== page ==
Lana Del Rey: The Self-Made Pop Star As Target | WAMU 88.5 - American University Radio
Filed Under:

Lana Del Rey: The Self-Made Pop Star As Target

Play associated audio

Lana Del Rey appeared on Saturday Night Live recently, giving two rather tentative performances that, depending on your point of view, were awkward and amateurish or shrewdly restrained and vulnerable. Del Rey, in her mid-20s, attracts polarizing opinions.

Her appearance on SNL was only the most high-profile example of the extreme reaction Del Rey provokes. She's been labeled a phony for — what? Changing her name? Tell it to Bob Dylan and Iggy Pop. For perhaps surgically enhancing her lips? Yes, this really comes up on music blogs and in profiles of her. I think an awful lot of Hollywood wouldn't withstand that, if that qualifies as condemnation. There's something weirdly mean about all the negative press Del Rey has received before Born To Die was even released. It's like high-school level meanness, directed at someone who wants to be a star and is really going for it. It's like being punished for ambition.

Of course, ambition is helpful primarily when you've got the talent to make it pay off. In this, I'd say the jury is still out when it comes to the material on Born To Die. Del Rey has a voice and a way of phrasing that I find fascinating. Most of the time, she pitches her voice into a low register and pushes her words out as though she's moaning her blues.

The tune, "Born to Die," is the album's title song for a reason — it features Del Rey's most typical vocal, a sort of moody croon that increases to a supplicating intensity. The lyric actually contradicts the eye-grabbing title: The phrase "born to die" may imply pessimism or moroseness, but Del Rey is actually pitching a message that's something more like "live life to the fullest." Del Rey does make a few false steps on this album, most notably the bad rapping — stilted and affected — that she does on "National Anthem."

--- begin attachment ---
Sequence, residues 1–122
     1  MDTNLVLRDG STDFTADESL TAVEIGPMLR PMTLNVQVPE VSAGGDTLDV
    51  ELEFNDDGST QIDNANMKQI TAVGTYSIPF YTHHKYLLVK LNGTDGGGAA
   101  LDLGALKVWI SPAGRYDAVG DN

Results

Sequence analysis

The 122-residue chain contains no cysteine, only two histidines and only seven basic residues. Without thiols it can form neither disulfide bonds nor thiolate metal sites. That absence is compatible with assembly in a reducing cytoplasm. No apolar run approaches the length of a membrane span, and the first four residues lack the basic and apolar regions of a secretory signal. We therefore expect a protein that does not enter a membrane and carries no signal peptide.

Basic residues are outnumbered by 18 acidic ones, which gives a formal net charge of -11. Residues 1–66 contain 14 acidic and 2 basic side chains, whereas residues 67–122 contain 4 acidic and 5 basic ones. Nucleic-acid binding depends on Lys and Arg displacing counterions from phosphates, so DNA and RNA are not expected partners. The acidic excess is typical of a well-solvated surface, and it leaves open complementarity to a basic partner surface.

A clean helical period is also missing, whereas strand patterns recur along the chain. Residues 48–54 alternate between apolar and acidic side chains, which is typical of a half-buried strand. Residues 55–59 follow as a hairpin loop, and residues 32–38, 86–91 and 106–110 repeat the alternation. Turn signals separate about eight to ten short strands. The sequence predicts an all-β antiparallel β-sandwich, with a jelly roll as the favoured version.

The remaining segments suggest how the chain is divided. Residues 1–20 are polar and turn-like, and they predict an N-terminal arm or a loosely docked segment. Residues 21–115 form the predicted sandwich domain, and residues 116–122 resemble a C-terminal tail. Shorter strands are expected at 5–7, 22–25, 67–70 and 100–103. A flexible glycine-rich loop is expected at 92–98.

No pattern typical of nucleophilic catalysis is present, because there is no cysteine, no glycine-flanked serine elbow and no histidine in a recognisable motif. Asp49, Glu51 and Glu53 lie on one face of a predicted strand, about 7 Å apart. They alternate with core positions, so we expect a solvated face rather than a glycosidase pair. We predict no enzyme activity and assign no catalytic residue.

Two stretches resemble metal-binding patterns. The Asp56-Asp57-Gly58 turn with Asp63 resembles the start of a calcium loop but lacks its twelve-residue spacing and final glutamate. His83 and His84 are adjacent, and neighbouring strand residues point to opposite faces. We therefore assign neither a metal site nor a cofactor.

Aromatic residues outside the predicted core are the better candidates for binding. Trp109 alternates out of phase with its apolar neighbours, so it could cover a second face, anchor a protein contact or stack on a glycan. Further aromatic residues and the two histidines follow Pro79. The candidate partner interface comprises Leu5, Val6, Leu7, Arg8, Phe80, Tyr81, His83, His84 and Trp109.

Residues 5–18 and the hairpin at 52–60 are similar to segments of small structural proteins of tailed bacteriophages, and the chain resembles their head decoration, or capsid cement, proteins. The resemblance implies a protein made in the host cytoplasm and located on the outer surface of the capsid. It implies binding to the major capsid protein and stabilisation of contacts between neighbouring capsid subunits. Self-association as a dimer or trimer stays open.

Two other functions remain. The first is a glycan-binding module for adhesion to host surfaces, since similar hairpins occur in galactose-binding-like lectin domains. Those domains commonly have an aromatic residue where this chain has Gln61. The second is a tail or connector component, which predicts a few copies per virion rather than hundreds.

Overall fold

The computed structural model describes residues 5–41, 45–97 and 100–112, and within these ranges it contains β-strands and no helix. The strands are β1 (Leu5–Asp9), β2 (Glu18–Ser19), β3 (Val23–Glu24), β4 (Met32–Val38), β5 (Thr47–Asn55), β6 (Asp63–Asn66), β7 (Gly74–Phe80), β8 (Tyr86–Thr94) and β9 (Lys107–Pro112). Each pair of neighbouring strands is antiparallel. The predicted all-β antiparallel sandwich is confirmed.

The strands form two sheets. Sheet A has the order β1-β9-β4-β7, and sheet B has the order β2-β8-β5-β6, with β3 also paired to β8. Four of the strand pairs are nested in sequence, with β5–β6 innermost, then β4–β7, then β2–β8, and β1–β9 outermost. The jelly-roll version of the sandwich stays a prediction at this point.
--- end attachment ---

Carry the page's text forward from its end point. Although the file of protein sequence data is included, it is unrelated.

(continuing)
What it comes down to, ultimately, is that for all the charges that Lana Del Rey is a manufactured pop star, she's actually squarely in the tradition of young performers with an assertive naivete about how much of a rebel she wants to be. She's referred to her music as "Hollywood sadcore" and herself as a "gangsta Nancy Sinatra." Oh dear: Wasn't Nancy Sinatra, with her flat affect and boots made for walkin' pretty "gangsta" herself? Del Rey sings about her quote-unquote "tar-black soul" but I think at her best, she's got a good, red-romantic heart.

Copyright 2012 National Public Radio. To see more, visit http://www.npr.org/.

NPR

Look, Mom, I Finally Made It To Broadway!

NPR's Michel Martin will sit down with a panel of award-winning playwrights to ask about diversity in theater. Follow here or join us on Twitter on Friday at 7 p.m. ET, using #NPRMichel.
NPR

Sweet: Dunkin' Donuts and Krispy Kreme Pump Up Pledge On Palm Oil

Two major doughnut chains have bowed to consumer pressure to better police their palm oil purchases. Environmentalists say it's a win for consumers, trees and animals.
NPR

Congress Quietly Extends The Budget — Past Election Day, Anyway

Since the GOP retook the House, the chamber once brought the country to the brink of a debt default and once shut down the government. But in election years, including this one, there's no such drama.
NPR

Look, Mom, I Finally Made It To Broadway!

NPR's Michel Martin will sit down with a panel of award-winning playwrights to ask about diversity in theater. Follow here or join us on Twitter on Friday at 7 p.m. ET, using #NPRMichel.

Leave a Comment

Help keep the conversation civil. Please refer to our Terms of Use and Code of Conduct before posting your comments.